Think of a boys boarding school crossed with a provincial amateur drama club and you get the idea of what the House of Commons is like these days: men in tights, testosterone-fuelled debates, ancient procedures and arcane language.
Yet odd as it is, the Commons is a wonderful place – it is a proper parliament. But, with a handful of honourable exceptions, Brexit has not brought out the best in the ‘Mother of Parliaments’.
Having grabbed control of the Brexit process from the prime minister, on Wednesday MPs then did their best to show why most Brits have despaired of them in the Brexit farrago.
After a four hour debate, MPs were given a piece of paper and told to vote on eight alternatives to Theresa May’s Brexit deal. One by one, options ranging from variants of single market or customs union membership, and a preferential tariff system, were rejected.
Plans for a second referendum and customs union membership got within a handful of votes of getting a majority. Most were decisively defeated.
Of course, Brexit being Brexit, repeated defeat does not mean that the process is over.
Having failed once, MPs will return on Monday (1 April!) to have another go at cobbling together a majority for one of the ‘hateful’ or ‘hopeful’ eight. They figure that since the prime minister’s deal has twice been rejected by huge majorities, they have the right to a second chance.
A few corridors away, the beleaguered May offered her resignation to her Conservative party in a bid to finally get her Withdrawal Agreement over the line. But as with everything Brexit-related, the resignation comes with a hefty caveat: she will only walk if lawmakers pass her deal.
But having publicly offered her head, May can no longer row back. She will be gone within weeks, regardless of whether her Brexit deal staggers over the line or not. A host of candidates are already preparing their campaign teams.
Barring a miracle, the Withdrawal Agreement will not be approved when it is brought back for a third vote tomorrow afternoon – the Northern Irish Democratic Unionist Party say they would still vote against it, and May is still a good 50 votes short.
That means that the first deadline, agreed as part of the Brexit delay at last week’s EU summit, will lapse.
That gives the UK until 12 April to leave the EU, pass the Withdrawal deal or come up with an alternative plan that is agreed by EU leaders, presumably at Mrs May’s final EU summit.
The chances of the UK making up its mind in two weeks are slim. That leaves EU leaders with a big decision to make: give the would-be divorcee more time (the Merkel approach), or nudge it off the cliff (Macron’s favoured option). That might save the European elections, but it would throw the Irish economy under the bus.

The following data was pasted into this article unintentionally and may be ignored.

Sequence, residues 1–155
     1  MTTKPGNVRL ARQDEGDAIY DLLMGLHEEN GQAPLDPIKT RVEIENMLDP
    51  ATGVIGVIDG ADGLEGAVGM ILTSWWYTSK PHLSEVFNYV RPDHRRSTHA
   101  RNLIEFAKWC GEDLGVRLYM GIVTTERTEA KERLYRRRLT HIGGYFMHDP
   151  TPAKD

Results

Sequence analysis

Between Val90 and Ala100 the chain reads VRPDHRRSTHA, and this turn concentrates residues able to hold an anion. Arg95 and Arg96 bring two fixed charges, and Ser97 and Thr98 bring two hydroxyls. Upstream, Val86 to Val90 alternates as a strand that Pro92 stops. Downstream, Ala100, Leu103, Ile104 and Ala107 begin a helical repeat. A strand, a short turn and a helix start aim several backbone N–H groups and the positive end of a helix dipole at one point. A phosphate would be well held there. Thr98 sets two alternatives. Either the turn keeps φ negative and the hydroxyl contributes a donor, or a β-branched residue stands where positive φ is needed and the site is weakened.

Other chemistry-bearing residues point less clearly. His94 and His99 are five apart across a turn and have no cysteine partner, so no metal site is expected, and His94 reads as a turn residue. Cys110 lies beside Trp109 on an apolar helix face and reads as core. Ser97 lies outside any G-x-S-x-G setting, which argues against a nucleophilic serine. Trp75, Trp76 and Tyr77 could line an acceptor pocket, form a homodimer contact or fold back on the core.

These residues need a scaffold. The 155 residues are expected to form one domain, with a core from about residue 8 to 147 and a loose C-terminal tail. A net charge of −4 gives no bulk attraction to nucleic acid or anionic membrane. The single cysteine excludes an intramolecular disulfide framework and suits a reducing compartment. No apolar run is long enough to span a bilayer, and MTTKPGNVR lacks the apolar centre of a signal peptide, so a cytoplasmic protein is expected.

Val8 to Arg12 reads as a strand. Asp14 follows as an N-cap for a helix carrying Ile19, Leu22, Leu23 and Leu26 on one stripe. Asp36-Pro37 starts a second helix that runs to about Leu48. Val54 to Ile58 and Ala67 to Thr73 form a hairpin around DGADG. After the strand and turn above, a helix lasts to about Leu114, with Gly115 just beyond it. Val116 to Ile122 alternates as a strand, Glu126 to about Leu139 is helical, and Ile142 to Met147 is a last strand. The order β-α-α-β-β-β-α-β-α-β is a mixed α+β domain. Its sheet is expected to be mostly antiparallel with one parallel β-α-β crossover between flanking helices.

“There are no easy options. There are no simple ways forward,” Brexit Secretary Steve Barclay told MPs on Wednesday night. He was right. The same is true for EU leaders.
By Alexandra Brzozowski
Denmark decided it will not grant permission for a northern route of the Nord Stream 2 pipeline project, asking the Russian-owned company to look into a southern route instead – making a construction delay very likely.
Nobel Prize laureate Joseph Stiglitz has called on Europe and China to join forces against the United States at the WTO, saying America has become a “free-rider” on climate change under the Trump administration, in violation of global free trade rules.
Romania could face legal action after environmental groups lodged a complaint with the EU over allegedly lax penalties against coal power polluters. Europe could be on track to slash emissions in half by 2030, while Europol helped unearth Dieselgate leftovers in Spain.
The Kövesi case keeps causing bad blood between the Council and Parliament who currently lock horns over the EU chief prosecutor choice.
The EPP has “lost all credibility and moral authority to lead the EU”, ALDE leader Guy Verhofstadt has said following the EPP’s decision to suspend but not expel Hungary’s Fidesz party.
MEPs have launched ambitious plans for an EU law requiring companies to carry out human rights due diligence in their supply chains.
Ex-French President François Hollande, has given his two cents on Europe during a discussion with high school students. The French socialists, meanwhile, adopted a list of women and a list of men for EU elections.
Serbian citizens have been protesting for four months, asking the government to ensure media freedom, crack down on corruption and tackle issues like unemployment, poverty, and the young generation’s brain-drain.
Look out for…
As British MPs failed to grab control over Brexit yesterday night, they will again vote again on Brexit tomorrow. Again. Remember that Theresa May offered to be gone before summer if her deal does somehow get the nod of the House.
Views are the author’s
[Edited by Sam Morgan and Zoran Radosavljevic]